Author: Imke de Pater
Publisher: Cambridge University Press
Release Date: 2015-01-29
An authoritative introduction for graduate students in the physical sciences, this award-winning textbook explains the wide variety of physical, chemical, and geological processes that govern the motions and properties of planets. This updated second edition has been revised and improved while maintaining its existing structure and organization. Many data tables and plots have been updated to account for the latest measurements. A new Appendix focuses on recent discoveries since the second edition was first published. These include results from Cassini, Kepler, MESSENGER, MRO, LRO, Dawn at Vesta, Curiosity, and others, as well as many ground-based observatories. With over 300 exercises to help students apply the concepts covered, this textbook is ideal for graduate courses in astronomy, planetary science and earth science, and well suited as a reference for researchers. Color versions of many figures, movie clips supplementing the text, and other resources are available at www.cambridge.org/depater.
Author: Georgina M. Montgomery
Publisher: John Wiley & Sons
Release Date: 2015-12-14
A Companion to the History of American Science offers a collection of essays that give an authoritative overview of the most recent scholarship on the history of American science. Covers topics including astronomy, agriculture, chemistry, eugenics, Big Science, military technology, and more Features contributions by the most accomplished scholars in the field of science history Covers pivotal events in U.S. history that shaped the development of science and science policy such as WWII, the Cold War, and the Women’s Rights movement
Author: National Research Council
Publisher: National Academies Press
Release Date: 2012-01-30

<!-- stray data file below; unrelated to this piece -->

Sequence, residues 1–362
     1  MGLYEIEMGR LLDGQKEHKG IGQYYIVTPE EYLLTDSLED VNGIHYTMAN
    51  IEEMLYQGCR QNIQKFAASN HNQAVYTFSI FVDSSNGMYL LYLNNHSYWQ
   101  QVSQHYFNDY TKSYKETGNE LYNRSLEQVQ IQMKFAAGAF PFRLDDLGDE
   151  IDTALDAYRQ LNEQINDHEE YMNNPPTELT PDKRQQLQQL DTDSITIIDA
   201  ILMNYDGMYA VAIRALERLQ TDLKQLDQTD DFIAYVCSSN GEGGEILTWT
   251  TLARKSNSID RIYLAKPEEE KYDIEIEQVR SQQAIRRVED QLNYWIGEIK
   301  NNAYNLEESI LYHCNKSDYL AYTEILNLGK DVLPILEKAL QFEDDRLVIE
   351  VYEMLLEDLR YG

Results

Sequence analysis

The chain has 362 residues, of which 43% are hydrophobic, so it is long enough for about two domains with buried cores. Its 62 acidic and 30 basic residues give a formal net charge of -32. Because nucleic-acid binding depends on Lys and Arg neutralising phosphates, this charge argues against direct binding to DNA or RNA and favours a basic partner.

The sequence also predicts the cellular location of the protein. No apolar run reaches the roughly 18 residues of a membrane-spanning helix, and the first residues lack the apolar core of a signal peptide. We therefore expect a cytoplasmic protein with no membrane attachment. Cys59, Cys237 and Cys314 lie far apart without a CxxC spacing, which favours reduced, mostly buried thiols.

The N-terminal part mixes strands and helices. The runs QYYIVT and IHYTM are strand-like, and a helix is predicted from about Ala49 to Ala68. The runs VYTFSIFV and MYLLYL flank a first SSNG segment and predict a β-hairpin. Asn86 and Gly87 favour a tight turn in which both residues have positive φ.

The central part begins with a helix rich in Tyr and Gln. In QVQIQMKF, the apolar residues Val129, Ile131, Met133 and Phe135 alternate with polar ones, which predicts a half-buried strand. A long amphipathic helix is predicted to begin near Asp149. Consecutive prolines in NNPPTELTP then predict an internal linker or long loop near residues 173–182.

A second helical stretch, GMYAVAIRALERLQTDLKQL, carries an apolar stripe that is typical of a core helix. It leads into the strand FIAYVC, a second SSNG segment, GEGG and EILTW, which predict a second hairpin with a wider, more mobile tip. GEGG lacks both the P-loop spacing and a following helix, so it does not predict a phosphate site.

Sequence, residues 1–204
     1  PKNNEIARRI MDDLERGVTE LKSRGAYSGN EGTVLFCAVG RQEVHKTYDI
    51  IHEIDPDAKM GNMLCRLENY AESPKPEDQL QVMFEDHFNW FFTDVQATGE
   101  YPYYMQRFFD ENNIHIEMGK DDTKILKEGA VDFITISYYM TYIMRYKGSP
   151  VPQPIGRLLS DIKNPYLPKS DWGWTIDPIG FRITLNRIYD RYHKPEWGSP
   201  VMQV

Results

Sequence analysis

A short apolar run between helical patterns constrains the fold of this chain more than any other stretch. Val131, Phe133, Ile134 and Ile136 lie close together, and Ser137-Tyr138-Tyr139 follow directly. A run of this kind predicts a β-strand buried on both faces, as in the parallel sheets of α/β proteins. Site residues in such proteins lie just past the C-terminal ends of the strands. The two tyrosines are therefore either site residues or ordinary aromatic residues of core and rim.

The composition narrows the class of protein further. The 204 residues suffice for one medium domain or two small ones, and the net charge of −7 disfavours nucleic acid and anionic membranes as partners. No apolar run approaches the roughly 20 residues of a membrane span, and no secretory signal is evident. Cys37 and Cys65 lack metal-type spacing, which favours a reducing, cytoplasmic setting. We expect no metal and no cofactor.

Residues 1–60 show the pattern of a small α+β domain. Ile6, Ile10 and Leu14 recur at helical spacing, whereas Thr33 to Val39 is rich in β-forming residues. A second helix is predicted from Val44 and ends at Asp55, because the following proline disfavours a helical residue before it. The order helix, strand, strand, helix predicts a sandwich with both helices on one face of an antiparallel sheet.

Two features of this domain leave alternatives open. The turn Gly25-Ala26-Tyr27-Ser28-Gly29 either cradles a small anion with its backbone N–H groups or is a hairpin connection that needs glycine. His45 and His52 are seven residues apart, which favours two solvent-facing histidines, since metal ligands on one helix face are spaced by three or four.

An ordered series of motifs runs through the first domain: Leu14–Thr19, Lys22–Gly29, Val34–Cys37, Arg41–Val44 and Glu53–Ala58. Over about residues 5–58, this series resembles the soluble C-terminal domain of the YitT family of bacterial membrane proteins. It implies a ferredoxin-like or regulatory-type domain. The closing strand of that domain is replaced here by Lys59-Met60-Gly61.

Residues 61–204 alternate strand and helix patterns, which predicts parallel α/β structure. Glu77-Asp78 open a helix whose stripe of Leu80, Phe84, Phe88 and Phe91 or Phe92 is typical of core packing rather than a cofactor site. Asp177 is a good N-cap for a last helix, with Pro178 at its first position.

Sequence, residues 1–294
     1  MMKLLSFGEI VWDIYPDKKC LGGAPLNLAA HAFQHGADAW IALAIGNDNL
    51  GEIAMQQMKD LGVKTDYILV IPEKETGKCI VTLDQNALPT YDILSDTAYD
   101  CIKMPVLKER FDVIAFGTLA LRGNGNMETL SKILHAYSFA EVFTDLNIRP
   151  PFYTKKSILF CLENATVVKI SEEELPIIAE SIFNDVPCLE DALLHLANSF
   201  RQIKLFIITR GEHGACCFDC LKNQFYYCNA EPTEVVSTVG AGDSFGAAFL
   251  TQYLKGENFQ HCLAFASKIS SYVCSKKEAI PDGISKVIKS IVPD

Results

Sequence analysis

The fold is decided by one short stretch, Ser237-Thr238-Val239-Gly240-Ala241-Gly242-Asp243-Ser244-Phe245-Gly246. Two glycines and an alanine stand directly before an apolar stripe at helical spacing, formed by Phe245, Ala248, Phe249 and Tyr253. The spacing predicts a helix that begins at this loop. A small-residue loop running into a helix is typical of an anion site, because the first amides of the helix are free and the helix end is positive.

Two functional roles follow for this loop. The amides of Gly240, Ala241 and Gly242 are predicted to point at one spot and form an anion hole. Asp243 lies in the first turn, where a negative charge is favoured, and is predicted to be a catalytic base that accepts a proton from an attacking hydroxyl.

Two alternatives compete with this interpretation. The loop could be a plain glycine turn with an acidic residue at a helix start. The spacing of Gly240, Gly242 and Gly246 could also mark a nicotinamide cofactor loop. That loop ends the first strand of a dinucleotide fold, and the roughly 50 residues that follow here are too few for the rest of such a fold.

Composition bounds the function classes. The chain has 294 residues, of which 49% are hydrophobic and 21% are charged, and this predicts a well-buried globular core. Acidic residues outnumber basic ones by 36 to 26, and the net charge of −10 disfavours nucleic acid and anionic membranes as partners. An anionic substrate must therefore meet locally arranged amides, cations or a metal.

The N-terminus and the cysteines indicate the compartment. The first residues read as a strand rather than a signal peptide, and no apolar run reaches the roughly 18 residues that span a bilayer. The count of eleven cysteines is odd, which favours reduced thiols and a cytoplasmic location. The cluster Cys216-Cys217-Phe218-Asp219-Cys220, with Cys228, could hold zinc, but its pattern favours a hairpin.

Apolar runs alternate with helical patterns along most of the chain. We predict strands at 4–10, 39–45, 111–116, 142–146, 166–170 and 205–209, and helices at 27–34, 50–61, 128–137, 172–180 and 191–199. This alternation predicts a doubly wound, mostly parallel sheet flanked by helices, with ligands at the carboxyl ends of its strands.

In recent years, planetary science has seen a tremendous growth in new knowledge. Deposits of water ice exist at the Moon's poles. Discoveries on the surface of Mars point to an early warm wet climate, and perhaps conditions under which life could have emerged. Liquid methane rain falls on Saturn's moon Titan, creating rivers, lakes, and geologic landscapes with uncanny resemblances to Earth's. Vision and Voyages for Planetary Science in the Decade 2013-2022 surveys the current state of knowledge of the solar system and recommends a suite of planetary science flagship missions for the decade 2013-2022 that could provide a steady stream of important new discoveries about the solar system. Research priorities defined in the report were selected through a rigorous review that included input from five expert panels. NASA's highest priority large mission should be the Mars Astrobiology Explorer Cacher (MAX-C), a mission to Mars that could help determine whether the planet ever supported life and could also help answer questions about its geologic and climatic history. Other projects should include a mission to Jupiter's icy moon Europa and its subsurface ocean, and the Uranus Orbiter and Probe mission to investigate that planet's interior structure, atmosphere, and composition. For medium-size missions, Vision and Voyages for Planetary Science in the Decade 2013-2022 recommends that NASA select two new missions to be included in its New Frontiers program, which explores the solar system with frequent, mid-size spacecraft missions. If NASA cannot stay within budget for any of these proposed flagship projects, it should focus on smaller, less expensive missions first. Vision and Voyages for Planetary Science in the Decade 2013-2022 suggests that the National Science Foundation expand its funding for existing laboratories and establish new facilities as needed. It also recommends that the program enlist the participation of international partners. This report is a vital resource for government agencies supporting space science, the planetary science community, and the public.